When digitizing a record, the integrity and authenticity of the record shall be preserved so that the images or digital surrogates are authentic copies of the paper-based documents. The digital surrogate must serve the purposes for which the original records were created or maintained and the surrogate much contain all significant record detail needed for probable future reference. It is recommended to contact the records officer prior to digitizing files to ensure that an appropriate file format is chosen and the integrity and authenticity of the record stays intact.
After digitizing the records to an appropriate file format, the department may dispose of the original paper record without the need to fill out a Records Disposal Certificate and obtain approval from the State Records Commission to allow their disposal.
At this point in time, microfilm is the only storage medium that is appropriate for permanent retention due to its ability to last for centuries. For records with other long-term value, the State has provided a list of sustainable file formats for electronic records.
For more information about digital reproduction and management of electronic records, please consult the State Records Commission Rules, sections 4400.50 through sections 4400.80.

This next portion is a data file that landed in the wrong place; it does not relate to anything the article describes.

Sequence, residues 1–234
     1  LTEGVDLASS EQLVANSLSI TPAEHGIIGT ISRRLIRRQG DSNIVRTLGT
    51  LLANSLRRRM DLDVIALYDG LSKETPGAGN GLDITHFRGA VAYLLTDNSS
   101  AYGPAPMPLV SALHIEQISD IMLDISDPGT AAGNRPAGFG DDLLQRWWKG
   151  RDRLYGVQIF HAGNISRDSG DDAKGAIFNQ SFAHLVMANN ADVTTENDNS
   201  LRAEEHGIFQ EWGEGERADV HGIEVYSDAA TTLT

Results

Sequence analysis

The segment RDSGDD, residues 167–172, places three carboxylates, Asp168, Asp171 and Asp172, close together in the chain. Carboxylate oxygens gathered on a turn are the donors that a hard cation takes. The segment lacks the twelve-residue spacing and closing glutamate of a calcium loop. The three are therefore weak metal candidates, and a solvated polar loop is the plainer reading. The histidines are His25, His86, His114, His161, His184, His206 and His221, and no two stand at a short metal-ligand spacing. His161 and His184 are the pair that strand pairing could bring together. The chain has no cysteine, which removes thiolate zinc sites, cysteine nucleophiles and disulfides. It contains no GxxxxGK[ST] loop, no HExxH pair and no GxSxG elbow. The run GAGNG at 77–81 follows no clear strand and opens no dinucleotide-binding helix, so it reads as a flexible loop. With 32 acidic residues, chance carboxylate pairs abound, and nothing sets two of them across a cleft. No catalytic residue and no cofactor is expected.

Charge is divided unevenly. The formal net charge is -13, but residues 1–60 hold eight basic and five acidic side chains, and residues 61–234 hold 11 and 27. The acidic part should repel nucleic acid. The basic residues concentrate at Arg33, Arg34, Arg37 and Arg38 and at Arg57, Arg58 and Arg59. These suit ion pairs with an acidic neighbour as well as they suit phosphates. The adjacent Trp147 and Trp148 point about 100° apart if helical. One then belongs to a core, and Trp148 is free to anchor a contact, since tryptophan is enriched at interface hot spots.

If a record has historical or administrative value, or your records schedule requires submission to the University Archives, please contact the university archivist for transfer.
Regional History Center / University Archives
Founders Memorial Library, room 400
Northern Illinois University
Acceptable items to send to archives:
- Copies of any written unit or program histories.
- Annual reports.
- Program reviews.
- A run of all newsletters or other serial publications.
- Minutes of core committees, boards, councils.
- Accreditation reports, charters, constitutions, by-laws.
- A sample of syllabi, exams, student papers.
- A selection of identified photographs.
- Brochures, special events programs.
- Memorabilia (buttons, banners, posters, seals, etc.)
- Administrative correspondence (colleges, centers, vice-presidents only).
- Administrative correspondence for university-wide committees/councils.